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Let’s get real about the employee/contractor debate

23 February 2022 | Insight
Legal Briefings – By Brad Popple and Natalie Gaspar

It’s somewhat difficult to understand why the two “contracting cases” handed down by the High Court have generated such panicked commentary about entrenching insecure work.

Unions are outraged and calling for legislative change. Opposition IR spokesperson Tony Burke has pledged increased regulation around the use of contract workers, lamenting “that if you’re found to be a contractor your rights fall off a cliff.”

The scene is set for the issue to squarely become one that is front and centre of IR policy in the lead-up to this year’s federal election. But the rhetoric is largely misplaced. The proof of this (or at least a reasonable indication) is in the pudding itself. 

The first case (CFMMEU v Personnel Contracting), considered a “triangular” contracting model, which operates in a similar way to traditional labour hire. The relevant worker in the case, Mr McCourt, was a relatively unskilled backpacker who signed up as an independent contractor to perform labouring work for Personnel Contracting. Personnel Contracting was in the business of supplying the labour of its contractors, such as Mr McCourt, to other client businesses.

This model is not new nor unique, and has received substantial judicial support of the past 30 or so years. Under these types of arrangements, there is a contract between the worker and the labour hire firm, and another between the labour hire firm and the ultimate client business which receives the labour, but each of the three parties are contracting independently and there is no relationship of employment at all.

Nonetheless, and despite the fact that the written contract between Mr McCourt and Personnel Contracting had some relatively compelling indicators that their relationship was not one of employment, six out of seven Justices of the High Court were prepared to conclude that he was an employee of Personnel Contracting.

This was largely because other features of the contract between Mr McCourt and Personnel Contracting were more consistent with him being an employee. He was, for example, subject to the type of direction and control of Personnel Contracting that typifies an employment relationship. Further, he was performing work as part of Personnel Contracting’s business rather than as part of his own independent enterprise.

The Court’s conclusion does not easily square with the idea that the recent decisions create opportunities for exploitation and entrenching insecure work.

The second case handed down by the High Court (ZG v Jamsek) was somewhat different. It concerned a simpler two-party contracting model, involving transport “owner drivers”. Under their contract with ZG Operations, they were obliged to provide and maintain the necessary vehicles and other equipment to carry out the transportation services they had contracted to provide, and had outlaid substantial capital to do so. They had also established partnership structures through which to carry on their businesses, and enjoyed the taxation benefits associated with setting up their operations in the way that they did.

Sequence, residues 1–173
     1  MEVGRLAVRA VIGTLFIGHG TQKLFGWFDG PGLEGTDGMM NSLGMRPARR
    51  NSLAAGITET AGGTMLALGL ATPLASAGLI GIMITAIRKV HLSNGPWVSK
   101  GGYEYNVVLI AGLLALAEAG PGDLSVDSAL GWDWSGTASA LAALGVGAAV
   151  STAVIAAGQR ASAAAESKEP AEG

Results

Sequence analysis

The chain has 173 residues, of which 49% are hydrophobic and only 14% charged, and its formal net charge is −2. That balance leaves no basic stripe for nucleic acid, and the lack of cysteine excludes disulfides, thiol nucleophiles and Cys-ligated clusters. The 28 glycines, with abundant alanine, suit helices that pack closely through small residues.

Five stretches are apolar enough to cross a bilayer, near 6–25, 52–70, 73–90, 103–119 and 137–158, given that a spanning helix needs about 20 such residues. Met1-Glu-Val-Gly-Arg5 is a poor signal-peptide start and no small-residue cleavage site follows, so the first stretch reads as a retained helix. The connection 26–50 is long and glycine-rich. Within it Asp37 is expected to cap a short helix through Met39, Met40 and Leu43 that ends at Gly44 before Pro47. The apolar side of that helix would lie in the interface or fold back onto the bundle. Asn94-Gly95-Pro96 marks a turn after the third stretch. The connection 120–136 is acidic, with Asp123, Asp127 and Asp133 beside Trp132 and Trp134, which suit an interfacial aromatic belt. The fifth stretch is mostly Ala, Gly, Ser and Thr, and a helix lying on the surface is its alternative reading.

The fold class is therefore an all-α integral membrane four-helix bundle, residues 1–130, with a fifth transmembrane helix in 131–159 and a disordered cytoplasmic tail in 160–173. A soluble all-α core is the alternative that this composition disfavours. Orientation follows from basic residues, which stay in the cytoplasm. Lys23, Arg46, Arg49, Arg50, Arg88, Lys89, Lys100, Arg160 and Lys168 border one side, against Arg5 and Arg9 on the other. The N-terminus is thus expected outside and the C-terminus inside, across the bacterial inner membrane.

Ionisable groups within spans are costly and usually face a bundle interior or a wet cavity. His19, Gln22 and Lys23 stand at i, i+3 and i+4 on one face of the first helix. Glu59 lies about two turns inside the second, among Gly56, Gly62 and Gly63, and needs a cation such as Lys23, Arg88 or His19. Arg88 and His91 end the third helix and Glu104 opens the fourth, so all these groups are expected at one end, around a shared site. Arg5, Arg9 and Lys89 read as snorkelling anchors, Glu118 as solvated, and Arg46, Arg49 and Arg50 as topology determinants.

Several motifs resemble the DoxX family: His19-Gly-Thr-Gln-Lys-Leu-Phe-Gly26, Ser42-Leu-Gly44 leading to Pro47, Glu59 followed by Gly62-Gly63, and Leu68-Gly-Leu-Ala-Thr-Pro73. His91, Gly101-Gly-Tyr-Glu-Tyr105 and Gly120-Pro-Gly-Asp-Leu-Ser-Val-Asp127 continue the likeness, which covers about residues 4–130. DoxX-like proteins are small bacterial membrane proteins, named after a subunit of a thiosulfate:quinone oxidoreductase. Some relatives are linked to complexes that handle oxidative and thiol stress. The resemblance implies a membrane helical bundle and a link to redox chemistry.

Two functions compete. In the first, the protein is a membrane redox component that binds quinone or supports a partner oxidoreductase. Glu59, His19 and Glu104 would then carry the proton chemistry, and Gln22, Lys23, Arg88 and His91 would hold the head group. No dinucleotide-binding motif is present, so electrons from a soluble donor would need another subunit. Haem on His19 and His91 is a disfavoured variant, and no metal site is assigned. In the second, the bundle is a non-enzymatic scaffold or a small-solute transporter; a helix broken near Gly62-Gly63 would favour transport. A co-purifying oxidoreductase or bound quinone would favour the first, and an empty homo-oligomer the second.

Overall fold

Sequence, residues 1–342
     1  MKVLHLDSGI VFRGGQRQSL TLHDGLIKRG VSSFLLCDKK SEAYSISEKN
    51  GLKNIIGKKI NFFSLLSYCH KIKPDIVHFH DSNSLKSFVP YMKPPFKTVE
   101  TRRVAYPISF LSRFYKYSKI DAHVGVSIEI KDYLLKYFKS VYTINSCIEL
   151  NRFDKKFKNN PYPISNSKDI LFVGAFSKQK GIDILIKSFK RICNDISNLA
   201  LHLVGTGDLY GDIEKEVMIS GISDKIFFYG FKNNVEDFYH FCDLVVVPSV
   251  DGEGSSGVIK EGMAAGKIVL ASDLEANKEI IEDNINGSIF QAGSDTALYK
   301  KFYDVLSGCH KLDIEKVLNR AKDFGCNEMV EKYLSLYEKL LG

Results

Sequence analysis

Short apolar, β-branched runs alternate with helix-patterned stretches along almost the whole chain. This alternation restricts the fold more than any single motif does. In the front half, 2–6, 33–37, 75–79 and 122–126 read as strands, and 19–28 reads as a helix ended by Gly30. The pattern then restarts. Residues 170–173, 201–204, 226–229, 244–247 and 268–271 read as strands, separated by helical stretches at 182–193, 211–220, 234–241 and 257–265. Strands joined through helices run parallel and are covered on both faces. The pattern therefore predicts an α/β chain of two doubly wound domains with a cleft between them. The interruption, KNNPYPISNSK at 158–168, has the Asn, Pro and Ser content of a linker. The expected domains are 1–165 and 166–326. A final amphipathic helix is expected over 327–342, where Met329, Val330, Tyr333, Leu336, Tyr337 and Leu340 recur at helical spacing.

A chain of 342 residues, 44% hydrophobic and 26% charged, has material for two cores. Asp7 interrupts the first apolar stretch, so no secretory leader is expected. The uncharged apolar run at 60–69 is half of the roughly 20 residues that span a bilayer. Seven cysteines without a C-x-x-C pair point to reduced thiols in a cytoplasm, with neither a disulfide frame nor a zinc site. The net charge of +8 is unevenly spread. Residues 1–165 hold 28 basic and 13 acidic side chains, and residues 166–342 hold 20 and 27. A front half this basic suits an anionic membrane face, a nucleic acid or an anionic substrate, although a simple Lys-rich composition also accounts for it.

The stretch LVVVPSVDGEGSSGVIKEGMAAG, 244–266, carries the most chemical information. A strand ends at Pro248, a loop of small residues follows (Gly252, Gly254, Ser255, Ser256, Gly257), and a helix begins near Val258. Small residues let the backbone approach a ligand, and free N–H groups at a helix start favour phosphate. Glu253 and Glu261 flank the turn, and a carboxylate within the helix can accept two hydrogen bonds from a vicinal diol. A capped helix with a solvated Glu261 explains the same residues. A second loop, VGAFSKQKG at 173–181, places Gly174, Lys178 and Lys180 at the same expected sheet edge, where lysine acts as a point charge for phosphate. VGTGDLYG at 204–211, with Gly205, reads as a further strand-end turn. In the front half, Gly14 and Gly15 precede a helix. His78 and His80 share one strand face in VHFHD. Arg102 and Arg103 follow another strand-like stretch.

In that case, it was readily understandable why the Court found that an employment relationship did not exist, and the owner drivers were in fact independent contractors.

Of course the importance of these cases is not so much their outcome, but the path of reason adopted by the Court. This too has been overstated.

It is true that the Court’s focus in both cases was on the written contractual terms agreed between the parties, and not the reality of their relationship thereafter. Having said that, the Court was not concerned with the way the parties described their own relationship; it was the substance of the parties’ rights and obligations to one another as set out in the written contract that was determinative.

But lest the consequences of their reasoning be misunderstood, the Court saw fit to repeatedly restate a critical feature of the cases before it: neither involved any challenge to the validity of the relevant contract; an assertion it was a sham; or any argument that it had been varied by the parties, or superseded by a second collateral contract arising out of the parties’ conduct.

The Court expressly adverted to the fact that in some cases the conduct of contracting parties over the life of their relationship might deviate from their written contractual terms and give rise to an employment relationship by assuming and accepting different rights and obligations. Three Justices in the first case described this as “almost a textbook description of a variation of contract by conduct.” But these issues were simply not argued in these cases.

So, in simple terms, if the written contract accurately describes the substantive rights and obligations between the parties, then character of the relationship can be ascertained by considering the terms of that contract alone. If it does not, and the parties conduct themselves in a manner at odds with the contract between them, it may be that their conduct gives rise to a relationship of employment.

Clearly enough, these decisions do not create some unbridled opportunity to mischaracterise employees as contractors using a sneakily worded contract without risk of a challenge. Rather, they serve as a reminder that, as always, contractual terms must accurately reflect the intentions of the parties. But in the running towards a Federal election with industrial relations reform high on the ALP agenda, those seeking change will not pass up any opportunity to justify the need.

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